LEAP Aftermarket Gets China Boost
CFM International’s LEAP engine aftermarket has increased steadily over the past few years as a growing number of operators have either entered the new-generation powerplant into service or made order commitments for the engine, which powers the Airbus A320neo and, despite its technical issues, the Boeing 737 MAX.
In China, Aviation Week’s Fleet & MRO Forecast estimates that the aftermarket for the LEAP stands at $261.3 million for next year. While this is a small fraction of the $1.5 billion LEAP engine services market for 2021, this is anticipated to expand exponentially over the next decade. By 2030, as many as 3,214 units of the engine family are projected to be in the country’s fleet in a market worth $12 billion.
Among the biggest LEAP operators in China today, the Shanghai-based carrier China Eastern Airlines has signed a 12-year rate-per-flight-hour agreement for the LEAP-1A engines powering its fleet of 36 A320neo aircraft and has ordered six spare engines to support its operation.
The latest engine agreement follows on from China Eastern’s 2017 deal to order 70 LEAP-powered A320neo aircraft, signed at the Paris Air Show. The $3.2 billion agreement also included a 15-year rate-per-flight-hour package with CFM.
A second Chinese carrier, Hangzhou-headquartered carrier Loong Air, is to be supported by the engine OEM’s services division for 19 A320neos, also powered by the LEAP-1A variant. In addition, four spare engines have been ordered.
This adds to the long-term service agreement signed last year at the Paris Air Show to cover 36 A320neo aircraft. Loong Air has already taken delivery of 21 of these LEAP-1A powered narrowbodies.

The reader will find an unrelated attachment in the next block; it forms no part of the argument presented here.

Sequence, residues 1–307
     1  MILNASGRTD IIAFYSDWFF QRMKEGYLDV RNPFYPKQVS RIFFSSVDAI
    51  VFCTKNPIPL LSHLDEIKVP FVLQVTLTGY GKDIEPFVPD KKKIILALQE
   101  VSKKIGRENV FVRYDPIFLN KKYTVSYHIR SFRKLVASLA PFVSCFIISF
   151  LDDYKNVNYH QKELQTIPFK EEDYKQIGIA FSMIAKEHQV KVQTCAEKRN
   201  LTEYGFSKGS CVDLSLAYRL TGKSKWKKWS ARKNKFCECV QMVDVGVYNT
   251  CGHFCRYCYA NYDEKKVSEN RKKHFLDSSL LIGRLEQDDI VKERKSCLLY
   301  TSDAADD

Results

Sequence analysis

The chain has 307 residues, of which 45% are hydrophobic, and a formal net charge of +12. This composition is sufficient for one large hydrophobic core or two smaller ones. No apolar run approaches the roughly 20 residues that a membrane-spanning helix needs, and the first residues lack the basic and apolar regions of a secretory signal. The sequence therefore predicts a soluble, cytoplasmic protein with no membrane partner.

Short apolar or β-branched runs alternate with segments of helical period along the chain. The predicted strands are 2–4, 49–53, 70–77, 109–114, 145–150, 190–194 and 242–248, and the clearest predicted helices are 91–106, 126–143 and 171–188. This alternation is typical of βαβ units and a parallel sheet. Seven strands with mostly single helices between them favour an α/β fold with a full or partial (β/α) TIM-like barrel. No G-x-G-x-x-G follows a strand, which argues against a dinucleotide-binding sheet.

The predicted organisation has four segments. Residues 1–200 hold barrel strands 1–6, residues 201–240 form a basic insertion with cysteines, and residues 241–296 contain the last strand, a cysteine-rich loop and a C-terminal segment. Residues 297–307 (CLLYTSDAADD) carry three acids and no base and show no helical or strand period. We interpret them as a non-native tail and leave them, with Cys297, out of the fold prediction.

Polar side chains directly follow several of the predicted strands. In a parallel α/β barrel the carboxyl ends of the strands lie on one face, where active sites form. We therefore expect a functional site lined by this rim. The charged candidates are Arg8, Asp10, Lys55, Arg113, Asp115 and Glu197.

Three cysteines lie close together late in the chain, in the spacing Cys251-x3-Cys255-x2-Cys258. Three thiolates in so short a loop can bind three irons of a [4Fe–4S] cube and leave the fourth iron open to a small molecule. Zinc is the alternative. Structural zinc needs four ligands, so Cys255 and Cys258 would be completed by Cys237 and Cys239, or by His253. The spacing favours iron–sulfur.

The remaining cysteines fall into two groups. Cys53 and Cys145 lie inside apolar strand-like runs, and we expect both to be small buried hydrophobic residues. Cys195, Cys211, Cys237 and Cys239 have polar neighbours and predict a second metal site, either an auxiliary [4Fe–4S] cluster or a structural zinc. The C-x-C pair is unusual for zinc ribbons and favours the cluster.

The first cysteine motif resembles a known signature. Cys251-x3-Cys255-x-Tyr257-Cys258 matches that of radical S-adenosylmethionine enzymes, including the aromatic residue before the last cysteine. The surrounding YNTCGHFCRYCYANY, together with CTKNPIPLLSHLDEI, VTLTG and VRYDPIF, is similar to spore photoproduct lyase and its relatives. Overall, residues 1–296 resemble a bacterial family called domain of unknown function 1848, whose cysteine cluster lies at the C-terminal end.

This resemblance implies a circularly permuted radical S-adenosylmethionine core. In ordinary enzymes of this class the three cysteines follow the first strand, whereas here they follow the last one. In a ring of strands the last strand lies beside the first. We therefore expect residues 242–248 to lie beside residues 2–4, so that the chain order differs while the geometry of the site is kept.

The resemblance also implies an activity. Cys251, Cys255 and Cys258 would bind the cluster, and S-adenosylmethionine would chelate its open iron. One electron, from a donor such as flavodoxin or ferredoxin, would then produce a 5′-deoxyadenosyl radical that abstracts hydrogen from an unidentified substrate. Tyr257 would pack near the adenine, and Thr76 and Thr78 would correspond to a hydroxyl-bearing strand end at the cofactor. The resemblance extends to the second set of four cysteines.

While the engine segment is expected to change as a result of COVID-19, with shop visits postponed or cancelled and older engine variants becoming part-out candidates, long-term it is still anticipated to account for the lion’s share of the overall commercial aftermarket.
Like other OEMs operating in the segment, CFM has actively expanded its aftermarket network as new-generation engine demand is expected to step up over the next decade. This included increasing the number of its own LEAP-capable facilities from four to six late last year.
As of now, the Safran-GE Aviation joint venture operates sites with LEAP repair services in Lafayette, Indiana in the U.S.; Queretaro in Mexico; Celma in Brazil; Saint Quentin-en-Yvelines near Paris in France; the Belgian capital Brussels and Kuala Lumpur in Malaysia.
In the past three years, it has also added external MRO providers such as Lufthansa Technik, AFI KLM E&M and TAP Maintenance & Engineering to the LEAP aftermarket network.